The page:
I’ve been leading brainstorming sessions for over ten years now. Through those years, I’ve refined and tweaked the system to produce better results. Though I feel pretty good about where it is, I always welcome ways to tweak it and make it better. Before I get into how to lead a session, let me share some ways in which a brainstorming sessions might be used.
- To develop a sermon calendar. How do you go about developing what you preach about? Do you decide all by yourself? How are you best able to gauge what the needs of your congregation are? In this post, How To Plan a Preaching Calendar, I share the method I’ve practiced throughout the years to gauge what topics would be most relevant to my congregation and community. There is field work and brainstorming involved in the process.
- To generate new ideas. This point is related to the first and covers a lot of areas. Anytime you need to get new and fresh ideas on something, begin a session. It’s not enough to get a few people around a table and say, “so what do you think?” You will get vastly different results.
Make sense? Ok, moving on.
Here are some keys to leading an effective brainstorming process.
1. Make sure the right people will be in the room. Ideally, you have a good cross-section of people; creatives, people who have a business mind, introverts, or extroverts. Try to span different industries.
2. Have everyone wear a name tag and have a time of introductions. This team may be together for a few hours and need to feel comfortable with each other. Knowing each other’s names is a key piece of that.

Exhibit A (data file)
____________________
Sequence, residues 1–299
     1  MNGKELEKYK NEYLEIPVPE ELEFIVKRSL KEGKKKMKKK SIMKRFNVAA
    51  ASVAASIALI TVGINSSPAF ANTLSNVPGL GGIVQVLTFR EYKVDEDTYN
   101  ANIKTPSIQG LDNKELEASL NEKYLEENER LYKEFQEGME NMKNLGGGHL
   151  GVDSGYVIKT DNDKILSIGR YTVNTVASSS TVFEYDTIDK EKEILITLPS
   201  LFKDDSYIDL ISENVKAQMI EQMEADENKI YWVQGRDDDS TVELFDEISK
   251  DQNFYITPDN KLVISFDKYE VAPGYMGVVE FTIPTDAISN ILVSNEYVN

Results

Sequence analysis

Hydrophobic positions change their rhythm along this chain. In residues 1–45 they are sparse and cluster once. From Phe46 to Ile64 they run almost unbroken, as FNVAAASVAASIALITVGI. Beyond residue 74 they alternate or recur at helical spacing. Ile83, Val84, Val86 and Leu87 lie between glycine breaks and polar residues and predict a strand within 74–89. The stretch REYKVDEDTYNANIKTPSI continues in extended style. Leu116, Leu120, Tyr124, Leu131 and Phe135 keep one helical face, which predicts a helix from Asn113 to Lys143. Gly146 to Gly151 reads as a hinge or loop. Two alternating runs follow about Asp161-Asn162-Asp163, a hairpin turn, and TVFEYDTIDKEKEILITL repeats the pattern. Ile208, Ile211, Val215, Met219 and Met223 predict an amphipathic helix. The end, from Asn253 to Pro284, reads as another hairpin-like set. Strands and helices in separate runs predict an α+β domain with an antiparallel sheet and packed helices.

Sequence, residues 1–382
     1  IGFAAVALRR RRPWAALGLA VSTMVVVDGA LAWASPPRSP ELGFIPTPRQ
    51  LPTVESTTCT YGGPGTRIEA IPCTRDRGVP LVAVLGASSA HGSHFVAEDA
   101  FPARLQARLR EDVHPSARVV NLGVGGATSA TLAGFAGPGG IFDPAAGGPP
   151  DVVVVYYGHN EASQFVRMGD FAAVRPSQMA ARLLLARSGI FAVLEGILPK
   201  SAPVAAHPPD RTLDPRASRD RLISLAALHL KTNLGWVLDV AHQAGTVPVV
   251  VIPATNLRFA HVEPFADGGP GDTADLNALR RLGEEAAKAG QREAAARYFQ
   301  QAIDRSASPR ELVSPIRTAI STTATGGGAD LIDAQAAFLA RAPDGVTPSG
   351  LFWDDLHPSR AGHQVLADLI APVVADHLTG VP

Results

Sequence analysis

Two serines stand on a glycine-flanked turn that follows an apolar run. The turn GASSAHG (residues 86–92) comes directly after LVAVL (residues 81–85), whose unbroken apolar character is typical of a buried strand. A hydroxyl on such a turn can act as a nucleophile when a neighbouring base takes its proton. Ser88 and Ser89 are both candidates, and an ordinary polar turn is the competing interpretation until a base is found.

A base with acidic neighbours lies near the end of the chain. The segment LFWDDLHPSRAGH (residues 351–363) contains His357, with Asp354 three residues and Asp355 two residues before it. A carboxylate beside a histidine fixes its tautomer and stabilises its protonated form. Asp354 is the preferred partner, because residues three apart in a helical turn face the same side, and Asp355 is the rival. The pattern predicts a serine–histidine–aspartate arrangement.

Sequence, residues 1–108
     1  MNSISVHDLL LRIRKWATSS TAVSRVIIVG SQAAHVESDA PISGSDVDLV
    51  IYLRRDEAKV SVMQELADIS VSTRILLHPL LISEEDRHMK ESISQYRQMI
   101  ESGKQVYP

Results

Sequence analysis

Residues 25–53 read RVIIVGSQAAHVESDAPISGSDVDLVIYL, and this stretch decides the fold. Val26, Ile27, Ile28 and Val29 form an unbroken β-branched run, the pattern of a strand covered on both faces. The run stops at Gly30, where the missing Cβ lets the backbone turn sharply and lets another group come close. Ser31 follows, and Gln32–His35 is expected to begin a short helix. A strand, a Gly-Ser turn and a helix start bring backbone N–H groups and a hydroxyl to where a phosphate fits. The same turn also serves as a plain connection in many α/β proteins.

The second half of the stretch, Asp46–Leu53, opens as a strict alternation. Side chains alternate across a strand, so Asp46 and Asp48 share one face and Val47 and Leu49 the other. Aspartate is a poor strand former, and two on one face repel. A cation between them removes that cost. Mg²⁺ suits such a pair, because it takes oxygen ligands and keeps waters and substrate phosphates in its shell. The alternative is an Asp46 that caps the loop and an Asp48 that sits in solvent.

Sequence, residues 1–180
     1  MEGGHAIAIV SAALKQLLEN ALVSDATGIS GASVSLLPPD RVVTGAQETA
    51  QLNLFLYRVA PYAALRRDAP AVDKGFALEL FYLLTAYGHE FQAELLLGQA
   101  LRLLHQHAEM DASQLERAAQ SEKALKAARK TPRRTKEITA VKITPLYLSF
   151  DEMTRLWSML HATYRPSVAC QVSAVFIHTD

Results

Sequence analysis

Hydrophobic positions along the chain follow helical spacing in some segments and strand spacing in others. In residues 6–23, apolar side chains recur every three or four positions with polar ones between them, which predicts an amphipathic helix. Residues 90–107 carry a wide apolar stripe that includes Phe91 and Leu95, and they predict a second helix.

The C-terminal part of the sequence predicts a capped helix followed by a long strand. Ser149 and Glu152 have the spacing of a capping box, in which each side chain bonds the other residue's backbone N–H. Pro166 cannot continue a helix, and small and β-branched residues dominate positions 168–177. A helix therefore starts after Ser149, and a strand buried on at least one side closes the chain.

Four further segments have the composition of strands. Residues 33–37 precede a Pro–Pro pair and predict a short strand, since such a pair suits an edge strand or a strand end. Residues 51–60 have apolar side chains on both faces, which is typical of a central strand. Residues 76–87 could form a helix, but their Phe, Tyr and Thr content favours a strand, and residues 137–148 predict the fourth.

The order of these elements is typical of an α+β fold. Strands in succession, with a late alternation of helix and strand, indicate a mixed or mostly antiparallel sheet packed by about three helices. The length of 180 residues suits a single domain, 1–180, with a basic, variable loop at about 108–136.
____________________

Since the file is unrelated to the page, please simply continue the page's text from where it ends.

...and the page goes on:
3. Have them come into the gathering having already done some homework. You need to prepare people for what they will encounter. Send them an agenda ahead of time that includes the purpose of the gathering, expected goals, and what they need to bring with them.
For example, I recently led a process where we were brainstorming titles for a coming series in the fall. I asked each person to bring their best ideas ahead of time. There’s a few people out there who think really well on the spot, but most people do not. They need time to think, digest, and synthesize ideas.
4. Have the right tools. Each person will need a name tag, a stack of sticky notes, a pen, and you’ll need a room with a whiteboard and dry erase markers.
5. Have each person write down as many ideas as they can on individual sticky notes, so one idea per note. I usually give around 5-7 minutes for this process. If they’ve prepared ahead of time, then this timeframe is usually adequate.
6. Each person selects 5-7 of their best ideas. If someone has been very thorough with their process, they might have 15-20 ideas. Some of these ideas will not be very good, though, which is fine. They’ll be aware of that. They can choose their best.
7. Each person presents their ideas and puts them on the board in a column. At this moment, they should not be making a lot of commentary. They’re simply reporting what their idea is. When the next person reports, they simply start a new column next to the other.
8. After each person has shared and put their notes on the board, a selection time begins. In this next phase, people are encouraged to approach the board and take it all in. The goal for this step is for each individual to now select 3 of their favorite ideas, based on what everyone else has shared.